WI recommends: In addition to their small but excellent selection of wines from around the world, Surfas offers a wide variety of food items that will complement your wine choice. Check out their caviar case and sample their olive oils. They even have Farchioni’s Il Casolare extra virgin olive oil that was recommended to us in a little grocery store in Tuscany when we asked a little old Italian lady which one was the best.
Limoncello Almond Pound Cake
Recipe adapted from Bon Appetit magazine (March 2006)
Baker’s notes: This cake’s texture isn’t like that of a traditional pound cake (do to the amount of almond paste in it). I find it tastes best served the next day, after the limoncello has had a chance to completely soak in. I also like to serve the slices warm (a 15 second zap in the microwave does the trick). I highly recommend serving with whipped cream and fresh berries, but a dusting of powdered sugar will also do.
3/4 cup all purpose flour
1 teaspoon baking powder
1/4 teaspoon salt
3/4 cup sugar
1/3 cup light olive oil (alternative: lemon-flavored olive oil)
5 tablespoons unsalted butter, softened
10 ounces almond paste (not marzipan), finely crumbled
2-3 tablespoons finely grated lemon peel
4 large eggs
1/3 cup limoncello liquer
Assorted fresh berries
Preheat oven to 325° F. Butter and flour a 9-inch springform pan.
In a small bowl, whisk together flour, baking powder and salt.
Using electric mixer, beat 3/4 cup sugar, oil and butter in large bowl until light and fluffy (about 3 minutes). Add the almond paste and lemon peel. Beat until smooth. Add eggs one at a time, beating well after each addition. Add flour mixture; stir to blend. Transfer to prepared pan.
Bake cake until golden brown on top and tester inserted into center comes out clean, about 45 minutes. Cool cake completely in pan on a rack. (Can be made one day ahead. Cover and store at room temperature).
Remove pan sides from cake and transfer to serving plate. Poke holes all around top of cake with a wooden skewer and slowly brush the limoncello over the top, allowing it to completely soak in.
Cut into wedges and serve with a dollop of whipped cream and fresh berries.
Lime, White Chocolate & Macadamia Nut Cookies
(from Nicole at bakingbites.com)
Baker’s notes: This is my new favorite cookie recipe! The raw dough even smells heavenly sitting there in the bowl. The only thing I would consider changing is the amount of white chocolate chips and nuts—I’d up each of them to one cup (because they taste sooo good!). Also, my cookies started browning nicely after just 9 minutes, and, I ended up one cookie shy of 4 dozen using my tablespoon-sized cookie dough scooper.
2/3 cup butter, room temperature
1 cup white sugar
2 large eggs
1 tbsp lime zest (1 large lime)
2 1/4 cups all purpose flour
1/2 tsp baking powder
1/2 tsp baking soda
1/2 tsp salt
3/4 cup white chocolate chips
3/4 cup chopped, toasted macadamia nuts
Preheat oven to 350° F. Line a baking sheet with parchment paper.
In a large bowl, cream together butter and sugar until creamy. Beat in eggs, one at a time, followed by lime zest.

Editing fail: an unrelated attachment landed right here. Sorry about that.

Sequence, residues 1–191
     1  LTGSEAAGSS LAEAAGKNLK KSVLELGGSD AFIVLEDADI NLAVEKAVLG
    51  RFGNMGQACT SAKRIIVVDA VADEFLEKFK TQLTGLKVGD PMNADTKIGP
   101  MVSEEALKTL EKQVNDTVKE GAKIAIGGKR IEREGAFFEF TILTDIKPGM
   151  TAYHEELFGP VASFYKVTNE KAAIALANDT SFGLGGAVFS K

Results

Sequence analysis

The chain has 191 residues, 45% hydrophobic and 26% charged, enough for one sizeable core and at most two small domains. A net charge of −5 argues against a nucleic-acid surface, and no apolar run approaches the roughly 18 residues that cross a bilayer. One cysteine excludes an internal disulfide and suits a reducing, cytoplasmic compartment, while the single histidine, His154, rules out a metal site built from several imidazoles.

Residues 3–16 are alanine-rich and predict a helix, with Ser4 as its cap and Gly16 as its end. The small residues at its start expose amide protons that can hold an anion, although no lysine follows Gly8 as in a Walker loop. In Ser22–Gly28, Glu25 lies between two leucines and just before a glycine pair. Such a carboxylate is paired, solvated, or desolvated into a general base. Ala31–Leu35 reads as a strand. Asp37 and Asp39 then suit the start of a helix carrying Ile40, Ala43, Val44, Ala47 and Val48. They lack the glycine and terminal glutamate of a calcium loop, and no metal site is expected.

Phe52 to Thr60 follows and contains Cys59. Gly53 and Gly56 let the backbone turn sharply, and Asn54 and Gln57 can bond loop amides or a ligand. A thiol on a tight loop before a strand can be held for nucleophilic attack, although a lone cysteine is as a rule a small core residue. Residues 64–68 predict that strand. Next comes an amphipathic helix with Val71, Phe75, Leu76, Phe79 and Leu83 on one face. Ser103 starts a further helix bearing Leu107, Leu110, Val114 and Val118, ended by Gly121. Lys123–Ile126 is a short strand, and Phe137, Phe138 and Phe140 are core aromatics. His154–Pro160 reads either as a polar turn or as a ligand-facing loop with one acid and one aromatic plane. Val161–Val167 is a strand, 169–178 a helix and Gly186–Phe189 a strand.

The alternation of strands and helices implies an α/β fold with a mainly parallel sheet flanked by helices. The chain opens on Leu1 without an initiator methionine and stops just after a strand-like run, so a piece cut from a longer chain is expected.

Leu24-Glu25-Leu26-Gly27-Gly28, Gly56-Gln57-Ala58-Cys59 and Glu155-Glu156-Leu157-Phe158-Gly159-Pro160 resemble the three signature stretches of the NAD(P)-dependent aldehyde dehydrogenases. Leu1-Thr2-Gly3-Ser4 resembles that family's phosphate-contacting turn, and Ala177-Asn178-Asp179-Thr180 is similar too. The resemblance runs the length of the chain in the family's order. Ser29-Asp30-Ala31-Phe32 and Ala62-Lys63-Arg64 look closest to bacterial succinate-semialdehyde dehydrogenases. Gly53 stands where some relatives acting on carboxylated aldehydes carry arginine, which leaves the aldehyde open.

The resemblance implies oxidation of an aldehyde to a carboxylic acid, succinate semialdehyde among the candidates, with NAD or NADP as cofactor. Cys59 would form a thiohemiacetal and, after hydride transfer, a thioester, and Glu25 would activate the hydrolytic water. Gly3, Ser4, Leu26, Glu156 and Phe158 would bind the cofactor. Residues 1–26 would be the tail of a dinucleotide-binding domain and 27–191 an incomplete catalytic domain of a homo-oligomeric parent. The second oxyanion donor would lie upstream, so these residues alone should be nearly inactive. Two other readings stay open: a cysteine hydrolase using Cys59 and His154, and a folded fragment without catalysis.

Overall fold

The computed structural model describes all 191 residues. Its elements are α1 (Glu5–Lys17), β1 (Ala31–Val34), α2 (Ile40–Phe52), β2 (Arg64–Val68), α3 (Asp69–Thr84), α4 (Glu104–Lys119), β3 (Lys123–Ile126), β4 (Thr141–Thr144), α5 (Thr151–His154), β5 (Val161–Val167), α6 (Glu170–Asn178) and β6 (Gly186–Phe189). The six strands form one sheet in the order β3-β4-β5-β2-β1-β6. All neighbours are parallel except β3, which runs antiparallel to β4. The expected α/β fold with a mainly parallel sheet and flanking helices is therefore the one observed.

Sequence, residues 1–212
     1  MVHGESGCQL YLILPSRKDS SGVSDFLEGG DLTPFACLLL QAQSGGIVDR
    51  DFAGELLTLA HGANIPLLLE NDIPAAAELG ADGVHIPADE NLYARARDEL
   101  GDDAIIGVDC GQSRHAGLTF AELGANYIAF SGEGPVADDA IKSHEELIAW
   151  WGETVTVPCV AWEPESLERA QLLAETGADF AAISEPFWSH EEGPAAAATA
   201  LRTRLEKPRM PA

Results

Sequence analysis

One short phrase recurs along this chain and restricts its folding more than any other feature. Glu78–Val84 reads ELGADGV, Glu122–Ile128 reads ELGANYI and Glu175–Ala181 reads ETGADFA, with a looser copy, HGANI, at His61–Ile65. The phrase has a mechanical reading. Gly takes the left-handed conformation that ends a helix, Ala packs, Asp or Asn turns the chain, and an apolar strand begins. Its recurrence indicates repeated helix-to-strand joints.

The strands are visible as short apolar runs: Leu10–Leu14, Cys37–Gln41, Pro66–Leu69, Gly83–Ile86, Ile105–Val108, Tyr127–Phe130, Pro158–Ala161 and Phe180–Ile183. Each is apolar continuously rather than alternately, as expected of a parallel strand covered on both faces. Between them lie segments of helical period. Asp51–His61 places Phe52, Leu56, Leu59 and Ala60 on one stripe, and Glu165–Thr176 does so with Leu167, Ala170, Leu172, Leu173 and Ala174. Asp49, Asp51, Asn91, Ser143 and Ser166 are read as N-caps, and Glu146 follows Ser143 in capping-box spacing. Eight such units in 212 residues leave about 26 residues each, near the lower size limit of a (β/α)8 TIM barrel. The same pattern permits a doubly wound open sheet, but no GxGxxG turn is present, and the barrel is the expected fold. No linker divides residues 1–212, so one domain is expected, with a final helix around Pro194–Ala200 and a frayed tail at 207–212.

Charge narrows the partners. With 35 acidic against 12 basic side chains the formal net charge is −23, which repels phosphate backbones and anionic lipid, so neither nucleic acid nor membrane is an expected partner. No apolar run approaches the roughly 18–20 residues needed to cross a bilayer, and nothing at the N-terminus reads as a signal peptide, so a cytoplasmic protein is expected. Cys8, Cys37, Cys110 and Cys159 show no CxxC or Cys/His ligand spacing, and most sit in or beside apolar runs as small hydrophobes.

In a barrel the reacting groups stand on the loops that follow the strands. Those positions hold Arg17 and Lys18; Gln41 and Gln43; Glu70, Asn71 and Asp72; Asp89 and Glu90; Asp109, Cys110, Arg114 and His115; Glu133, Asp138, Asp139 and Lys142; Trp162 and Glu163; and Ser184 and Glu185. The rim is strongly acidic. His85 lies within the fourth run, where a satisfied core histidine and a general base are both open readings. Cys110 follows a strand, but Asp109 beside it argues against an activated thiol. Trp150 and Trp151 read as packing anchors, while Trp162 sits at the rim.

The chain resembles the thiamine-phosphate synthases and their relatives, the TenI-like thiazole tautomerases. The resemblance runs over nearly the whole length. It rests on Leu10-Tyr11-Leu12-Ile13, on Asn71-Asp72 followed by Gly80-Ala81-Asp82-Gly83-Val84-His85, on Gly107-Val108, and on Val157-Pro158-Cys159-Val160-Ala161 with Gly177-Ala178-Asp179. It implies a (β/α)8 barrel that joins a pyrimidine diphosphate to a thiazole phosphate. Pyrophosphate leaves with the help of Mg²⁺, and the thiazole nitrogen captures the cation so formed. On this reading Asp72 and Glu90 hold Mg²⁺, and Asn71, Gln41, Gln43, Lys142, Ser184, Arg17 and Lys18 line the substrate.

In a medium bowl, whisk together flour, baking powder, baking soda and salt.
Stir flour mixture into the butter mixture, mixing only until no streaks of flour remain. Stir in white chocolate chips and macadamia nuts.
Drop dough by tablespoonfuls onto prepared baking sheet, making approximately 1-inch balls and leaving some room for the cookies to spread.
Bake for 10-12 minutes, until cookies begin to brown slightly around the edges.
Cool for 5 minutes on baking sheet and remove to a wire rack to cool completely before storing.
Makes about 3-1/2 dozen cookies.
August 18, 2008 at 7:36 pm
Ooooh…I love Surfas too! I can’t tell you how many times they’ve saved me on hard-to-find recipe ingredients. I especially like their assortment of spices. I’ve got to try that cookie recipe. My lime tree is getting heavy with fruit and a person can only make so many margaritas! Thanks for sharing it.
You’re quite right about the almond paste. A lot of stores don’t know the difference between it and marzipan (especially if they’re not specialty stores). I have to plan ahead during the holidays or I run in to trouble finding enough of it. My pignoli cookies wouldn’t be the same without it!
Mmmmm. What a great photo of that cake! I can almost taste the berries. Does the limoncello really add much flavor to the finished cake? I’m wondering if it would still appeal to those who prefer desserts without alcohol in them.
We’ve got a lime tree, too (right next to the afore-mentioned Meyer lemon tree). I’ve started a lime recipe file just as I did for lemon recipes. This cookie recipe is the prize of the lime file!
Hey Raelle, thanks for the photo compliment. To answer your question, the limoncello does add a specific flavor to the cake, but it would certainly taste fine without it. I personally like the flavor of the cake better after it has sat for a day as the alcohol taste tends to mellow out. After adding berries and whipped cream to the scene, you certainly won’t miss the limoncello if you want to avoid using alcohol.